Piedra Blanca is a popular spot for hikers in the Los Padres National Forest. Approximately forty miles north of Ventura, the massive rock formations and sweeping views of the snow-capped Topa-Topa mountains bring hikers and horseback riders in droves. It's an unexpectedly wild and beautiful place and the short 3-mile out and back trail is the perfect hike for a sunny winter morning.
Getting to the Piedra Blanca trailhead is half of the fun of this hike. Drive north on Highway 33, pausing along the way to get a brown sugar latte at Full of Beans in Ojai, and stop at Wheeler Gorge Ranger Station to get your Adventure Pass, a five dollar day pass for the Los Padres National Forest. You do not need an adventure pass for the other trailheads at the Rose Valley Recreation Area. The ranger station also provides trail maps and has a small exhibit that previews the wildlife in the area.
Drive around the twists and turns being careful of fallen rocks and mud. Turn right at the sign for the Rose Valley Recreation Area and follow signs to the Sespe Creek and Piedra Blanca trailheads.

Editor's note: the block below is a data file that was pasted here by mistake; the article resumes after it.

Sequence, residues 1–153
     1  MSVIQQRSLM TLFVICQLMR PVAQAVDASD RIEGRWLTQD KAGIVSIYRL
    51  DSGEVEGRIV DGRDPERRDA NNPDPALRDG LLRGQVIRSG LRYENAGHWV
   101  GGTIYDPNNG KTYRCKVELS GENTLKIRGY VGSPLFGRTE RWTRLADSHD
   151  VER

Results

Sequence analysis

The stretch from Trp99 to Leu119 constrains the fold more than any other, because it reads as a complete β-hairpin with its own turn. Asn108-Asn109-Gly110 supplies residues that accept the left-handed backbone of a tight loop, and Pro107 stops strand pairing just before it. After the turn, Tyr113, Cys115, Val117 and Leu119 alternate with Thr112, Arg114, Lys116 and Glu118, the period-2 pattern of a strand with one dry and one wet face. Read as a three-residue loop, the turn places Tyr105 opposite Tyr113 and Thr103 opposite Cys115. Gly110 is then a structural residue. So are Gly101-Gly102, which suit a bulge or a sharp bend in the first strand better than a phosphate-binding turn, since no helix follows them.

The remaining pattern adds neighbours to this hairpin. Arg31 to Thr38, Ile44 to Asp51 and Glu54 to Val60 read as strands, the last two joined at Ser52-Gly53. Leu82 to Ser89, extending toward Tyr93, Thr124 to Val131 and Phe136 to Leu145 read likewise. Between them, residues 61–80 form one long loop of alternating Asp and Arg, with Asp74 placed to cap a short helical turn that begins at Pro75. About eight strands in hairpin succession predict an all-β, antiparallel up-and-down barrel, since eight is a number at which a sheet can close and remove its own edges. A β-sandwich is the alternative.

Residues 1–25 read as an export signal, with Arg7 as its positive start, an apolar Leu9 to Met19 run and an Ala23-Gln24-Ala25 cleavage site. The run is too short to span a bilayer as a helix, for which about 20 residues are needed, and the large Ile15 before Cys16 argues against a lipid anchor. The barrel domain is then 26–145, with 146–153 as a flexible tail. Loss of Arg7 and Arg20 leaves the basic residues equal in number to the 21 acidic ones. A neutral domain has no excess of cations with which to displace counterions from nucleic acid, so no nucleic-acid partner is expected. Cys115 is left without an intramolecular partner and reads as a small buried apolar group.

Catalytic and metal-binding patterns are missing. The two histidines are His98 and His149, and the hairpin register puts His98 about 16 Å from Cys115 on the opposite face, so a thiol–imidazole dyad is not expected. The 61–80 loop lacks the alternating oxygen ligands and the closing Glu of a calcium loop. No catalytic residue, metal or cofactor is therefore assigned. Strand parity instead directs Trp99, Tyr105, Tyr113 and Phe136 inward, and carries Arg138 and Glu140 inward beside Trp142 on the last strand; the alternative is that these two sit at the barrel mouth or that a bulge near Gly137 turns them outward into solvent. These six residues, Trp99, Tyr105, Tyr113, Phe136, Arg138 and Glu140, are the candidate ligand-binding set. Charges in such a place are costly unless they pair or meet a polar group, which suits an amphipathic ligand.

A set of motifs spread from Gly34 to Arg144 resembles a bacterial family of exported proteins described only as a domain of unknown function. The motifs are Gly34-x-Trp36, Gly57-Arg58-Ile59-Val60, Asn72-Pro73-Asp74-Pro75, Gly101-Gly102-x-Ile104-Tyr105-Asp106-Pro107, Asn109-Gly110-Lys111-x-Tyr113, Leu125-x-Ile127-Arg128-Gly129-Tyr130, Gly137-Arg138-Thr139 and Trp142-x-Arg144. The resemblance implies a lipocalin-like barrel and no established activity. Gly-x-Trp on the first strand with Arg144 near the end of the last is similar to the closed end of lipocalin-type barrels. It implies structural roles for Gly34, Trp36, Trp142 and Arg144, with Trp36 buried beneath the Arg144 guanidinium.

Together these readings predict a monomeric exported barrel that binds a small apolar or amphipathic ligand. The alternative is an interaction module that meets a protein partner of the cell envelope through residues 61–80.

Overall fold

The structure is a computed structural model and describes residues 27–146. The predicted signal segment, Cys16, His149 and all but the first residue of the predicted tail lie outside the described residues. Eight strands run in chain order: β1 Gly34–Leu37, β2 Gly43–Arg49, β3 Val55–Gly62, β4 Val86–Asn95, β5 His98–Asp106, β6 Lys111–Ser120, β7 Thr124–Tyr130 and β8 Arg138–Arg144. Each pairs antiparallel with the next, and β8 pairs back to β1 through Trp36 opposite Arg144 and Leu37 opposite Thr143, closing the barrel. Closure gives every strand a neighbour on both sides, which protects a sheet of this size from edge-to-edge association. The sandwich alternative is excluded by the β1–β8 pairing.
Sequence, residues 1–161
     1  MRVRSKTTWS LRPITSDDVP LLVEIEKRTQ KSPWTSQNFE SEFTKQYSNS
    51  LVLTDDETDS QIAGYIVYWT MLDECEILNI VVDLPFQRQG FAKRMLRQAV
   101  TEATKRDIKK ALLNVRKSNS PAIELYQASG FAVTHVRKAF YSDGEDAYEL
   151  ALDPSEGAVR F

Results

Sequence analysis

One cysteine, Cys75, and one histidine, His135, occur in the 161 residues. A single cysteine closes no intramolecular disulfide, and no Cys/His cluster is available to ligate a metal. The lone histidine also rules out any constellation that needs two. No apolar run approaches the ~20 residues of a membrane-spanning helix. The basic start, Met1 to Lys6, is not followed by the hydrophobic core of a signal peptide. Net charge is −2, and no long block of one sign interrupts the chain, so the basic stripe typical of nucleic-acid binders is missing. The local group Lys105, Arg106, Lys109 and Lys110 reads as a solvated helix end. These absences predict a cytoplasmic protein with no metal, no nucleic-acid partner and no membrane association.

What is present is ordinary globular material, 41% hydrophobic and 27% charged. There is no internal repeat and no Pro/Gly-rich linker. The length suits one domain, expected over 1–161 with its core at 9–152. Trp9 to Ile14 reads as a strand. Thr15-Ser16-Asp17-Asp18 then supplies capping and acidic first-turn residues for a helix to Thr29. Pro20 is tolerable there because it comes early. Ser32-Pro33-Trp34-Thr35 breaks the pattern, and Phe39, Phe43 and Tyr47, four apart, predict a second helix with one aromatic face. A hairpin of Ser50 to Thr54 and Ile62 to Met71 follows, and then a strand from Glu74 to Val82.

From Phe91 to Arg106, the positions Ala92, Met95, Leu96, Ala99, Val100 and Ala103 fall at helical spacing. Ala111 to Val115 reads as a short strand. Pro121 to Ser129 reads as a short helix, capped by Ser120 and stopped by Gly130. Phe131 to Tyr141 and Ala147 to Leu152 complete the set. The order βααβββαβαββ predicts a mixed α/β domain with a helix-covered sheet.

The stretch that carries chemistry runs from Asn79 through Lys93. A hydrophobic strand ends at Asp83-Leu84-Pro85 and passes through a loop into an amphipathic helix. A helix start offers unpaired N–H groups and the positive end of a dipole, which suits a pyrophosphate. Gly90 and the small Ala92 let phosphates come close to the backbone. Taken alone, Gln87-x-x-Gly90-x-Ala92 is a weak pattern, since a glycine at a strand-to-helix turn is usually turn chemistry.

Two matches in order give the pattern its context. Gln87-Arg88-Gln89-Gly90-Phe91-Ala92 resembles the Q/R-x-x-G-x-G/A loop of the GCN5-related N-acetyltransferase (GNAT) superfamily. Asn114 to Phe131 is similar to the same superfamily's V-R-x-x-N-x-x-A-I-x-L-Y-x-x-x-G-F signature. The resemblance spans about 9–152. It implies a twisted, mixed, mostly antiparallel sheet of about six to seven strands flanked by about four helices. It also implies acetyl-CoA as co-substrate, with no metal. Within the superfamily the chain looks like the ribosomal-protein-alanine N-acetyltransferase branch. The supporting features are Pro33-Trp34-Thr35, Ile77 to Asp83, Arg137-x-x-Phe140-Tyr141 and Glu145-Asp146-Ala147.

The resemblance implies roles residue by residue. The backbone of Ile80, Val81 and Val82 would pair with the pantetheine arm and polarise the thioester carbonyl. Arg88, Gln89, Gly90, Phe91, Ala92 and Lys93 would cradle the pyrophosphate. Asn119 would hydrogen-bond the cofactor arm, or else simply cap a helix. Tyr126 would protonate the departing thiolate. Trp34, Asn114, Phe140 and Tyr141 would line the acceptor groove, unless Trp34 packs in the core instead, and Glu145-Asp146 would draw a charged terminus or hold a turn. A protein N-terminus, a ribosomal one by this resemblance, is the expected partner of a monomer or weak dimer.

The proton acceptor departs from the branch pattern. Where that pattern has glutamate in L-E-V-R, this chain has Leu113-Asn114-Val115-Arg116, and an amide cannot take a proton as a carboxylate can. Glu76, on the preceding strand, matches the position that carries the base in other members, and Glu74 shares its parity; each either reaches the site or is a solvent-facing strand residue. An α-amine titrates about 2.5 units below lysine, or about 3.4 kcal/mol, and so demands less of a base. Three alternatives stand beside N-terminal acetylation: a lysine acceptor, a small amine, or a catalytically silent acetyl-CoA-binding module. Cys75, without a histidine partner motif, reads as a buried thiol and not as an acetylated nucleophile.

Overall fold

After parking, follow the trail downhill. With our first crossing of Sespe Creek, the last remaining undammed river in southern California, we were able to cross the flowing water by stepping on the stones. With the second crossing of Sespe Creek, where the stream was wider, deeper, and colder, I waded the creek up to the tops of my hiking boots. The trail crosses the creek a third time and came halfway up my shins. Before the winter storms, these creeks, while not completely dry, were not exactly running.
Follow the trail uphill, turn left at the next junction, and go further uphill and turn left at the next junction along the Gene Marshall-Piedra Blanca Reyes Creek National Recreation Trail. The trail brings you to an outcropping of enormous limestone rocks perfect for exploring (and picturing yourself as a bandit or cattle rustler). Be careful going off trail in this area as these types of rock outcroppings are the perfect environment for a sunning rattlesnake.
At the top of the rocks, you can see the Topa-Topas, forest and scrub brush for miles. The surrounding Sespe Wilderness is the fourth largest roadless region in the lower 48 states and is home to a condor sanctuary, which is not open to the public. If you continue along the trail through the jagged and barren landscape, you will follow Sespe Creek and can spot petroglyphs and bald eagles, mountain lions, black bears, and red tail hawks. The 17.5-mile trail finishes at some of the hottest natural springs in the U.S. I'm definitely looking forward to backpacking in this area at some point. Just not during the summer.